Tradition is part of the fabric of Christmas and from the moment the lights go up and the adverts appear on TV the sense of what we can expect from the period ahead is tremendously comforting. Our Family Monsters Project research shows 49% of people said they were worried about spending quality time together and in some regards, Christmas is a perfect antidote to these worries as families can settle into well-worn grooves and spend time together – allowing us to relax, replenish our energies and prepare for the year ahead. Here we’ve highlighted some of the traditions you might want to implement with your family, as well as make some suggestions for how to shake up some existing ones.
Express your elf!
Why not try hiding a toy elf somewhere around your house or garden throughout the Christmas season? A hunt for the little pixie can start each day with a sense of fun and investigation. Just ensure that child locks are applied to any doors or cupboards that could present a danger to inquisitive minds and set clear boundaries of where the elf might be – maybe you can tell them the elf is frightened of the world beyond the garden gate so wouldn’t go out there?
The occasional small toy or sweet treat found in the elf’s hiding place can sustain interest in the game. It needn’t be an elf either – if a different toy might be more attractive for your children – just ensure it’s not a soft toy they’ll want to keep with them as otherwise you might struggle to get them back.
If this all sounds like a lot of work you can also perhaps instigate a hunt just once a week, or even just once in the season!
Watch your favourite Christmas film
Sometimes all it takes to set up a tradition is to cuddle up on the sofa with film and family. It doesn’t really matter what you watch as long as it is something that everyone will enjoy and will stand the test of time well – especially if you are planning to make it an annual showing!
If you get this right this can be a tradition lasting dozens of years. We’ve got families who report family screenings that still manage to draw in 40-year-old children (and their children). The classics tend to hold up well – and there’s many a family who treasure “It’s a Wonderful Life” for this very reason.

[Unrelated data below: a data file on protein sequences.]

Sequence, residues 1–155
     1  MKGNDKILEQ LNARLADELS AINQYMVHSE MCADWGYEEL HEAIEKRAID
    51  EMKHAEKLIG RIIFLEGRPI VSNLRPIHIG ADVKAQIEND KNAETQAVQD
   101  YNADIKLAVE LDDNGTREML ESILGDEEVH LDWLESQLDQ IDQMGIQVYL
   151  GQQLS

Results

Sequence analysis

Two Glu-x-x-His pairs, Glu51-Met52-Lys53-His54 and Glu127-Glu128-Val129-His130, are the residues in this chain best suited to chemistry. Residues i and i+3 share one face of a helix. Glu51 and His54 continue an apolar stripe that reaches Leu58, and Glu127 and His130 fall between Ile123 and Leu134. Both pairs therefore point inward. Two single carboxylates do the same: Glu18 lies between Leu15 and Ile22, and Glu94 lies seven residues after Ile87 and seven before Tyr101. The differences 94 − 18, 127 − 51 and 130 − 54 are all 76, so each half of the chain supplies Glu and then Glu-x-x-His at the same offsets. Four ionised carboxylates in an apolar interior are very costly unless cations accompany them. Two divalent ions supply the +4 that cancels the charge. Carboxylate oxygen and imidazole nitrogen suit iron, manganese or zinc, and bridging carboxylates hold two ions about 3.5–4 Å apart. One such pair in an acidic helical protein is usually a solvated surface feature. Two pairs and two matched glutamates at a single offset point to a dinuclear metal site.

To make the screening extra special why not prepare a lovely (and large) warm hot chocolate as a treat for you all? For younger children, this can help to “sell” the idea of sitting down to a screening of a slow Christmas movie, and a good way of engaging their imaginations is to give some options for customising it by leaving out cream, chocolate powder, cinnamon and sprinkles. You could also try buying (or making) cinnamon popcorn for additional Christmas movie vibes!
Leaving out a mince pie (and a carrot) for Father Christmas
Many families leave out something for Father Christmas and his reindeer as one of their Christmas Eve traditions. But what treats are set out for him tends to vary from family to family. A YouGov survey showed that a mince pie and carrot tend to be standard, but there several other items that sometimes appear, including:
- a glass of beer, sherry, port, wine or whisky
Traditionally the food is left next to the fireplace but modern homes doesn’t always have one. In this case, some parents and children’s books say Father Christmas has a “magic key” that opens all doors around the world or ask your children where they would leave the treats for Santa?
Tip: your life will be a lot easier if it’s not in their bedroom!